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Thursday, Mar 15, 2012 Yoga is NOT a competition

Well, technically yoga IS a competition if you’re entering the National Yoga Asana Championship or you are one of the people campaigning to make yoga an Olympic event. However, competitiveness is the antithesis of traditional yoga.

Yoga is all about being in the moment and doing just what you can do right now. Marydale is always telling her students: “Go to your edge, but never to pain.” She encourages us to close our eyes, focusing only on the body and breath, and to go at our own pace.

There is a full wall of mirrors in our yoga studio, but we usually face away from it during class. Mirrors encourage comparison with others and criticism of ourselves, when we should really be focusing within on how the position feels, making adjustments accordingly. Some students are aware that they should not compare themselves to others in class, since everyone has a different body and is at a different place on their yoga journey, but we are often competitive with ourselves.

I am not very flexible and had hoped that I would become more flexible with yoga. I know that yoga is not goal-oriented or a competition, but after more than a year of going to class three times per week, I find myself constantly taking stock. When I began, I couldn’t touch my toes. I would bend at the waist and reach down as far as I could before the pain in my tight-as-a-drum hamstrings stopped me with my fingers about a foot from the ground. Now, by the end of a vigorous yoga class, I can get those fingers almost an inch from my toes. This should thrill me, but I feel like it’s not good enough.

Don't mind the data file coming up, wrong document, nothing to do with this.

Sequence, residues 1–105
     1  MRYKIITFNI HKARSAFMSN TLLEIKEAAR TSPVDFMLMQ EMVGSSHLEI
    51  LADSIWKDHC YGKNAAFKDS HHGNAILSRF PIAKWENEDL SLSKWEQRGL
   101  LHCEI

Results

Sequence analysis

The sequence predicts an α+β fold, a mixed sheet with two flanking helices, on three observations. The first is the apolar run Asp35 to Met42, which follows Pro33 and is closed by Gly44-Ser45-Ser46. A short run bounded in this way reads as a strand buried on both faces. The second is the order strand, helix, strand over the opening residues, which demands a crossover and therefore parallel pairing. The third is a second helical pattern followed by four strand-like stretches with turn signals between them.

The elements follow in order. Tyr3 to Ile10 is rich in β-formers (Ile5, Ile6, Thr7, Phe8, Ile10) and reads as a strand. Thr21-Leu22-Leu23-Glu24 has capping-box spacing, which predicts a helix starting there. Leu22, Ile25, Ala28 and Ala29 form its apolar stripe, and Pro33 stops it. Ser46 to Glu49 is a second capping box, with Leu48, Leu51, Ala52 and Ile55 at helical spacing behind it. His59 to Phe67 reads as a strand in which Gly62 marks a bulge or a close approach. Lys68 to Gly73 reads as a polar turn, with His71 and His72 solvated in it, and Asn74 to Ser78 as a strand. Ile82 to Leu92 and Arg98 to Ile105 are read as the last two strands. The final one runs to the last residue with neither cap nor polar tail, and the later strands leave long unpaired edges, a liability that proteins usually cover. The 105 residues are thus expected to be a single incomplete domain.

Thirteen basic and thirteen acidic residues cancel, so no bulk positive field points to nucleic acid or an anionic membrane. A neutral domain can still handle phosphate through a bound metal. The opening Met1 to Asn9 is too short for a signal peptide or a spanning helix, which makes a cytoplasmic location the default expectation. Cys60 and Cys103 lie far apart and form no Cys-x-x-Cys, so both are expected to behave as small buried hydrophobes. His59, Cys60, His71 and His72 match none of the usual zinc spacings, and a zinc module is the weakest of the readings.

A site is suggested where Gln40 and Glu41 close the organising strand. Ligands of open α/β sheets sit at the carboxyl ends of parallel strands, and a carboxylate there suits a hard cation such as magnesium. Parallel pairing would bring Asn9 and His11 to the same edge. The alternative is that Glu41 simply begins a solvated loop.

Recently, we were doing a position in class that is very difficult for me. My body simply won’t move that way. Whenever we do it, I struggle to get into the position as best I can, remembering intermittently to breathe, then remain in my awkward version of the pose for as long as I can, hoping that nobody is looking at me. I brought this up to Marydale at the end of class, wondering about the purpose of struggling to get into this pose when I am clearly not achieving the intended benefit.

This led to the familiar discussion of how yoga meets you where you are and how even the most advanced yogis have days when they are less flexible than others. But Marydale expanded on this to say that true yoga was originally intended to be taught one-on-one, directly from teacher to student. This way, yoga can be perfectly tailored to your body, your needs, and your limitations. Since, for most people, individual yoga classes are expensive and impractical, we usually find ourselves in a group class. The takeaway: do what feels right to you.

I have a long torso and short legs. As a result, I can’t even do child pose—a pose so simple, yes, even a child can do it. If I were to assume this pose “correctly”, I would topple forward onto my face. So, I modify it. While the majority of students rest in the pose with their arms at their sides, I support my forehead on my stacked, closed fists. There are endless modifications that can be made, but if a pose is simply beyond your capability, choose another pose. Better yet, ask the teacher for a modification or a comparable pose. Speak up for yourself. Marydale likes to say, “This is YOUR yoga.” Make it yours and don’t worry about what anyone else thinks, least of all that little voice of self-criticism that says you’re not doing it right.

Instead, I hear Marydale’s voice like a mantra: “Stay in the moment. Close your eyes. Breathe. Feel the position. Move at your own pace. Go to your edge, but never to pain.” And, more importantly, “Why are we smiling? Because we LOVE OUR YOGA!”

posted by Kirsten K.